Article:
How to Bake Flat Cake Layers

in DIY, How-To

How To Bake A Flat Cake

I’m not sure there will ever come a day when baking isn’t magical to me. I still get giddy when I turn on the oven light, peek through the glass to see biscuits doubling in size. Or when a waif of baking banana bread skips through the house and under my little nose. Baking is my magic.

I love the trust and faith we must have in a recipe, in the ratio and in the ingredients. We trust that those ingredients will interact, react and transform into something so beautifully delicious.

Having just whispered all those sweet words of nothing, I’ll admit I’m not really a cake-maker-type girl. I’m not sure if a single layered-cake even lives on this blog. I’m pretty sure it has everything to do with me being an impatient person and thinking cake decorating is a little tedious. But when I want cake inspo, I turn to Sara from Matchbox Kitchen. She makes some insanely pretty cakes. One thing I LOVE about her cakes is how they’re all perfectly cylinder. The tops are completely flat. Flat cake tops are all the rage in the cake world.

Cake layers usually dome on us, rising right in the center and then cracking. I think doming on a quick bread is beautiful. I love it. My friend and baker, Hourie, wouldn’t think to serve a quick bread that didn’t dome. Cakes are different, though. But not to worry because baking flat cake layers couldn’t be easier!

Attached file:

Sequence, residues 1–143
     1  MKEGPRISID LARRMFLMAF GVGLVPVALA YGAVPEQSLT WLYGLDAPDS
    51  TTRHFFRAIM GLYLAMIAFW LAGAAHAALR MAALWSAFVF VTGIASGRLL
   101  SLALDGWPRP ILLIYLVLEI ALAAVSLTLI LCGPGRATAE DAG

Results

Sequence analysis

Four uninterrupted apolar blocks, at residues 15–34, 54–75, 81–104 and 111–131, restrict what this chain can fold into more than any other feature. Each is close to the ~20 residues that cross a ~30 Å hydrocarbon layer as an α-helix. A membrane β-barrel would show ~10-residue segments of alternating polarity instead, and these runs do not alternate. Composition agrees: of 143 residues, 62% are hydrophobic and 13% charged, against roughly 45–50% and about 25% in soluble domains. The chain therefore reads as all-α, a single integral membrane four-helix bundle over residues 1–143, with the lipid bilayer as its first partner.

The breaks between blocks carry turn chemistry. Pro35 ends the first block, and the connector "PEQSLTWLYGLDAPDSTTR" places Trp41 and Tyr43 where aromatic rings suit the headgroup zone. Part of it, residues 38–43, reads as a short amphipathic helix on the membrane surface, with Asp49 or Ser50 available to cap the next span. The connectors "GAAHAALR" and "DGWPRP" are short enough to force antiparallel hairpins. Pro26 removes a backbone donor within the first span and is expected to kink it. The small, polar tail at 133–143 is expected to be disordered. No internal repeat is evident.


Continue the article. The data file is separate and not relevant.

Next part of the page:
How To Bake A Flat Cake

Just like my last how-to, I’m a little insecure about this post. Do you know this already? Is this obvious?

You could take a serrated knife or this cake slicer thing (that looks like a gigantic cheese slicer) and lop off the top of the cake. I’ve done this before. But sort of annoying.

OR you could buy these even baking strips that go around your cake pans. But sort of a waste of money, especially since this method uses an old towel and a few safety pins.

To start, you want to cut strips that fit the sides of your cake pan.

Fun side note: Use an old CLEAN towel, not an old dirty towel. I almost ended up using one that I used to clean the bathroom with. I can’t imagine cleaning solutions on towel strips and in the oven with your cake is a good combo.